Arch Package Transaction Log Fun

Those of you following me on twitter have probably seen me kibitzing about my development environment having been utterly destroyed by an Arch Linux package upgrade in the last ~24h.

It's been really fun.

Arch Linux unfortunately doesn't provide a tool for resetting your computer's package state to whatever it was previously following a bad update. However, the Arch package manager pacman does helpfully write a log file which records everything that it's done as a good old fashioned append only commit log.

This means that getting my computer back to a sane state was obnoxious, but a pretty trivial hack. Write a program that takes a date stamp, scan the transaction log for everything that happened at and after that date stamp and roll it back.

While my well polished emacs install was unusable, due to the aforementioned awesomeness, I still remember enough vim to be dangerous.

And so, the hack:

#!/usr/bin/env python3

import os
import re
import sys


def main(opts, args):
    """Usage: python rollback.py date

    Parse /var/log/pacman.log, enumerating package transactions since the
    specified date and building a plan for restoring the state of your system to
    what it was at the specified date.

    Assumes:
    - /var/log/pacman.log has not been truncated

    - /var/cache/pacman/pkg has not been flushed and still contains all required
      packages

    - The above paths are Arch default and have not been customized

    - That it is not necessary to remove any "installed" packages

    Note: no attempt is made to inspect the dependency graph of packages to be
    downgraded to detect when a package is already transitively listed for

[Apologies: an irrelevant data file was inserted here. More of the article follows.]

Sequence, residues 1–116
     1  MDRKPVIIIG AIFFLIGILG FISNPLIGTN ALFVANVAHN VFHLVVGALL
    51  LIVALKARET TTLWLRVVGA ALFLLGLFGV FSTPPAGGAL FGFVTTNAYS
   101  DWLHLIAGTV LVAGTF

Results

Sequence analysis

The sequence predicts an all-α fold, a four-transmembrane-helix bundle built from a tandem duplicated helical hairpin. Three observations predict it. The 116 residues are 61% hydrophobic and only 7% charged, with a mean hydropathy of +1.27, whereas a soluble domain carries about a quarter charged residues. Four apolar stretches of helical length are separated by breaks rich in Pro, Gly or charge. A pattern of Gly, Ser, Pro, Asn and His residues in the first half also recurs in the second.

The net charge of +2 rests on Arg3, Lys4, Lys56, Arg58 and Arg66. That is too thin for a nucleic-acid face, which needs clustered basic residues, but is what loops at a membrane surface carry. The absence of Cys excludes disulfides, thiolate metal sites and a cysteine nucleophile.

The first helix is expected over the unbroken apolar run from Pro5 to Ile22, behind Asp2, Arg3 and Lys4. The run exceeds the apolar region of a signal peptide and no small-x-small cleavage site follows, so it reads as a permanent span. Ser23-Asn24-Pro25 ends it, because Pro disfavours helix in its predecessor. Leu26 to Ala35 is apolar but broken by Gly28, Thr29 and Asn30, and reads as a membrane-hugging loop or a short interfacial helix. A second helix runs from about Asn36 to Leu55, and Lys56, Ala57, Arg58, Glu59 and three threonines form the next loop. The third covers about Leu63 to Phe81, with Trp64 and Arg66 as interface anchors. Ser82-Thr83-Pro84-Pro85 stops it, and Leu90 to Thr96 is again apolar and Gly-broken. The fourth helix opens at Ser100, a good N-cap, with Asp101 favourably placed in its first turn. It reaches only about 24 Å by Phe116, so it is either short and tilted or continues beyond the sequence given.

downgrading. This can create some annoying errors where eg. systemd will be
    downgraded, meaning libsystemd will also be downgraded, but pacman considers
    explicitly listing the downgrade of libsystemd when it will already be
    transitively downgraded an error.

    """

    date, = args

    print("Attempting to roll back package state to that of {0}...\n"
          .format(date))

    # These patterns can't be collapsed because we want to select different
    # version identifying strings depending on which case we're in. Not ideal,
    # but it works.

    # Ex. [2017-04-01 09:51] [ALPM] upgraded filesystem (2016.12-2 -> 2017.03-2)
    upgraded_pattern = re.compile(
        ".*? upgraded (?P<name>\w+) \((?P<from>[^ ]+) -> (?P<to>[^\)]+)\)")

    # Ex: [2018-02-23 21:18] [ALPM] downgraded emacs (25.3-3 -> 25.3-2)
    downgraded_pattern = re.compile(
        ".*? downgraded (?P<name>\w+) \((?P<to>[^ ]+) -> (?P<from>[^\)]+)\)")

    # Ex: [2017-03-31 07:05] [ALPM] removed gdm (3.22.3-1)
    removed_pattern = re.compile(
        ".*? removed (?P<name>\w+) \((?P<from>[^ ]+)\)")

    checkpoint = {}
    flag = False

    with open("/var/log/pacman.log") as logfile:
        for line in logfile:
            if date in line:
                flag = True
            elif not flag:
                continue

            match = re.match(upgraded_pattern, line)\
                or re.match(downgraded_pattern, line)\
                or re.match(removed_pattern, line)

            if match:
                package = match.group("name")
                from_rev = match.group("from")
                if package not in checkpoint:
                    checkpoint[package] = from_rev
                continue

    print("Checkpoint state:")
    for k in checkpoint.keys():
        print("{0} -> {1}".format(k, checkpoint[k]))

    pkgcache = "/var/cache/pacman/pkg"
    pkgs = os.listdir(pkgcache)
    pkgnames = ["{0}-{1}".format(k, v) for k, v in checkpoint.items()]

    selected_pkgs = [os.path.join(pkgcache, p)
                     for n in pkgnames
                     for p in pkgs
                     if n in p]

    print("\n\nSuggested incantation:\nsudo pacman -U {}"
          .format("\\\n  ".join(selected_pkgs)))


if __name__ == "__main__":
    main(None, sys.argv[1:])

Over and out from my recovered emacs setup 😊

^d

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